1 out of 4 stars
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This book is the second installment in Jack Gold and Marc Debbaudt's Jurisdiction series. The narrator grabs the readers' attentions quick, and we later know him as Marty Goldstein, the Supervising Judge of Sylmar Juvenile Hall. He has a huge crush on Charlize Theron and daydreams about her as he goes through case after case. We also learn about Nate Bartholomew, a Deputy District Attorney (DDA) who happens to be Goldstein's best buddy.
The juvenile cases in Sylmar keep our narrator occupied most of the time. However, later in the book he feels that he has to keep watch on one of the juvenile camps too, where some curious incidents have been going on. Unlike the comforts and familiarity he has with Sylmar Juvenile Hall, this camp investigation proves to be more dangerous for him as this involves none other than Hilda. The half-Guatemalan, half-Korean assassin whom he had encountered before and needs to take down for good.
The cases in Jurisdiction Denied were based on real events, but in order to protect the actual people involved, their names have been changed. The authors themselves were real life friends who have met in Sylmar. Gold was once a Commissioner there, while Debbaudt was a DDA. Given their credentials, the book felt very real, sometimes even heavy to digest due to the violence involved. In spite of this, the authors' sense of humor helped lighten the atmosphere in some way.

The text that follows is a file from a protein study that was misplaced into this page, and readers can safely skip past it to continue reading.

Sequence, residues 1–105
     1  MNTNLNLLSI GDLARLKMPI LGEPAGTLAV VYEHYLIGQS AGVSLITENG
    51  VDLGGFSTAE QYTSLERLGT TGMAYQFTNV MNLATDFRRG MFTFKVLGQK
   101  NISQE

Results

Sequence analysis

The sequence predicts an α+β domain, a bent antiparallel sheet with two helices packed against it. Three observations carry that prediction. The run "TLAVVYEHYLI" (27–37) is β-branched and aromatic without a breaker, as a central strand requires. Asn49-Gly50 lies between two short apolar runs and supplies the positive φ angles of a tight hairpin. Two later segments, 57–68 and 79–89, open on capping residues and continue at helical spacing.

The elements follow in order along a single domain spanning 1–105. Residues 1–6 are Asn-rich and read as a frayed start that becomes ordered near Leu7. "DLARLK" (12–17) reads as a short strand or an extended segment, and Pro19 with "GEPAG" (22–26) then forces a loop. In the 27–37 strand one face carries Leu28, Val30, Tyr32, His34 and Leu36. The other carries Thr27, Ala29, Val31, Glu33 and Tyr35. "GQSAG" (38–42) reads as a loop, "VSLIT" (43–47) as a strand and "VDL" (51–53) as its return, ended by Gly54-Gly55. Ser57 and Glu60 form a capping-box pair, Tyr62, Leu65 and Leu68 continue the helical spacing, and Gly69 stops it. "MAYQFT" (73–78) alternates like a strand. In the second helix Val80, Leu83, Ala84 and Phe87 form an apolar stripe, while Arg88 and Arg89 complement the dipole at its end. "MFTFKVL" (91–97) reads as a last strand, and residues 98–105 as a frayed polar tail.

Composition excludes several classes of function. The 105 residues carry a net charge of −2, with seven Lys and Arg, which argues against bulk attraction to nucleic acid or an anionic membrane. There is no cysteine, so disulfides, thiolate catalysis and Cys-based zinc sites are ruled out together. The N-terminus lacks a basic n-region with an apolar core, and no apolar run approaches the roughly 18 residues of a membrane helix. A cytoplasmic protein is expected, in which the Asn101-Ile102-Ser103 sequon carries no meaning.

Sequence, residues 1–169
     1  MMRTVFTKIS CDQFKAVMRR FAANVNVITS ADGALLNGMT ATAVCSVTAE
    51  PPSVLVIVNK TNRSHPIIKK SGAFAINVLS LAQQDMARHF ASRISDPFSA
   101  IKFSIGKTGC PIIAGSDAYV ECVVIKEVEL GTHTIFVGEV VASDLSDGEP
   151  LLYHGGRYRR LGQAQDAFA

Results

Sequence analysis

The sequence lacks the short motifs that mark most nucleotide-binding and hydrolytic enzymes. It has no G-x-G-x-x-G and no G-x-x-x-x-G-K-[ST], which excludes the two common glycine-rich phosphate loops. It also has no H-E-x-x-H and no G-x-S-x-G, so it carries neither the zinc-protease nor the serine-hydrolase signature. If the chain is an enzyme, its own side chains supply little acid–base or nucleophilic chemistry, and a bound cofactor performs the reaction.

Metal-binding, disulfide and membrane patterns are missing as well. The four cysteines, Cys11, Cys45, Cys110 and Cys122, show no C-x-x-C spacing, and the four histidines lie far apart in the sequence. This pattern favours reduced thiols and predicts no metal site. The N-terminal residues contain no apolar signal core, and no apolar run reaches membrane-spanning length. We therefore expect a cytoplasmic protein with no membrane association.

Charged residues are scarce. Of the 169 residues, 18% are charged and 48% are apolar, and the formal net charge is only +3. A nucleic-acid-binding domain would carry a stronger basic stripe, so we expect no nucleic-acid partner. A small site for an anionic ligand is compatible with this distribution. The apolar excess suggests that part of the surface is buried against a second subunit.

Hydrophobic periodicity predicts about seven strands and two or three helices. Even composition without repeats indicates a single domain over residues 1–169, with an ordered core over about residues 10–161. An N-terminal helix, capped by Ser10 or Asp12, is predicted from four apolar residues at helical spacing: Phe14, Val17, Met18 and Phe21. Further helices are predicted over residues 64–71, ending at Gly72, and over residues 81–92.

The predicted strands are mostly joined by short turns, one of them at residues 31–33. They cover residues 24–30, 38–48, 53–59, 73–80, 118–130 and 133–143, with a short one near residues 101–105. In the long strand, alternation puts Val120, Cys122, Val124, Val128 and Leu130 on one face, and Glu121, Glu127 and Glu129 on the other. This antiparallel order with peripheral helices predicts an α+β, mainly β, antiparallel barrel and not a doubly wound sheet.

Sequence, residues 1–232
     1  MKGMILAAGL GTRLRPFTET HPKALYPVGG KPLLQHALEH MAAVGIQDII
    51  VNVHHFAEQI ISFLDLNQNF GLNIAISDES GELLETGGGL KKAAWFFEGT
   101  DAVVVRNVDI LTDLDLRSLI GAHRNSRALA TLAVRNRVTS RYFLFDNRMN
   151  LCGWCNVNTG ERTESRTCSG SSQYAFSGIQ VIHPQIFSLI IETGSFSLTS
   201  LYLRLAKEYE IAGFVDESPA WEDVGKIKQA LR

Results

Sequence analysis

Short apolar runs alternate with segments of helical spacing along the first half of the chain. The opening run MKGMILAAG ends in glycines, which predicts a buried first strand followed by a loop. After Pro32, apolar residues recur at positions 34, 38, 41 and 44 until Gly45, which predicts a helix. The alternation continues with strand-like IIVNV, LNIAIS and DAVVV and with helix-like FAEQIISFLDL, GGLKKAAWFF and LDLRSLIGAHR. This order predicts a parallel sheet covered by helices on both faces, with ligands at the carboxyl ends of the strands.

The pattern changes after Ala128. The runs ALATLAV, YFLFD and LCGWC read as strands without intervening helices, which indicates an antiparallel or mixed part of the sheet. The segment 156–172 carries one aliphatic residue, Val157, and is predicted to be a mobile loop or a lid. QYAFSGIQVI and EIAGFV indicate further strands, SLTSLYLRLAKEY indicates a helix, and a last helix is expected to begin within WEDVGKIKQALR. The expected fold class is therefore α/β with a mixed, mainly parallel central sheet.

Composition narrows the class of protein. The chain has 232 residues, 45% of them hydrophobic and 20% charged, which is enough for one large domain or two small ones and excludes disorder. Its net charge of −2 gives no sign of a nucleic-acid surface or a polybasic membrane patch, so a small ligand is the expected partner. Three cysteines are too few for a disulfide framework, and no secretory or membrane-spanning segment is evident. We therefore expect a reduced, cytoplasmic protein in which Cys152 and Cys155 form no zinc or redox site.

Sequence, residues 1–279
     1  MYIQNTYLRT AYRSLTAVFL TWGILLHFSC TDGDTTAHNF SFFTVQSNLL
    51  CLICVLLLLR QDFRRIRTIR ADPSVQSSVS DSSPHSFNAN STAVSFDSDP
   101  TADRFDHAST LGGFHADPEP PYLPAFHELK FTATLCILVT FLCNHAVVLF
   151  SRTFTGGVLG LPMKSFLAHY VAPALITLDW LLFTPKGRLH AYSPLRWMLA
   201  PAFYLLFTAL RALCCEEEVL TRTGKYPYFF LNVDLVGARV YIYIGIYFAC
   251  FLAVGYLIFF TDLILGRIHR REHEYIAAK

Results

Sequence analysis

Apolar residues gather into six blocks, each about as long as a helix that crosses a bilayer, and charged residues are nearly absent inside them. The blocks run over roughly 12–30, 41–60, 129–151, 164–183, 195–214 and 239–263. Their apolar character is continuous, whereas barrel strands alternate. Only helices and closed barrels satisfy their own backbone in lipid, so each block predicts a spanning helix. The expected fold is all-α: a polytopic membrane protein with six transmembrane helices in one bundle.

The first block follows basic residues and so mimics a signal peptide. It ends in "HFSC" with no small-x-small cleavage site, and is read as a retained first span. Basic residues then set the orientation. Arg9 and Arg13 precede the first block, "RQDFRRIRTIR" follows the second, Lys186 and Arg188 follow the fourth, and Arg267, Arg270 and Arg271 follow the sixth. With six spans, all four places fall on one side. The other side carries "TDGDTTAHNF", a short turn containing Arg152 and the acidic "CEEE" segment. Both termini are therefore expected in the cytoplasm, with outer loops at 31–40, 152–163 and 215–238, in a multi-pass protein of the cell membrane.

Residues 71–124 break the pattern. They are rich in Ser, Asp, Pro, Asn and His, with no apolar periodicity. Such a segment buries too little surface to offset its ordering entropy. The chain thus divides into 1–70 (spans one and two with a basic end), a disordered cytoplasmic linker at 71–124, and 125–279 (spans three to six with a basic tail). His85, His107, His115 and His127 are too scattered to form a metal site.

It started slow for me. At first, it was all first-person narration, and no single dialogue can be found. The book was brimming with cold logic and hard facts that the artistic touch was lost. One more thing that felt off to me was Hilda's story. I expected that she will add more flavor to the text, but she was only discussed in a few chapters. And the thrill whenever she's around was incredibly lacking.
If there was one thing I did not like the most, I'd say it's the sexism. All of the female characters in the book, despite their profession and other things they can bring to the table, were sexually evaluated for their body parts. As if that's the only reason they exist, which is definitely not.
The ending chapters were just a complete reiteration of all the points emphasized in the earlier chapters. If the author was trying to summarize the whole thing, it was truly unnecessary and was done a bit too much.
I found several typos and I don't think that this book was professionally edited. I am giving this book a rating of 1 out of 4 stars. I really wish I can give this book more points because I did find it interesting. I would have recommended this to my crime thriller and action-loving friends, but I just couldn't take the perverted comments here and there.
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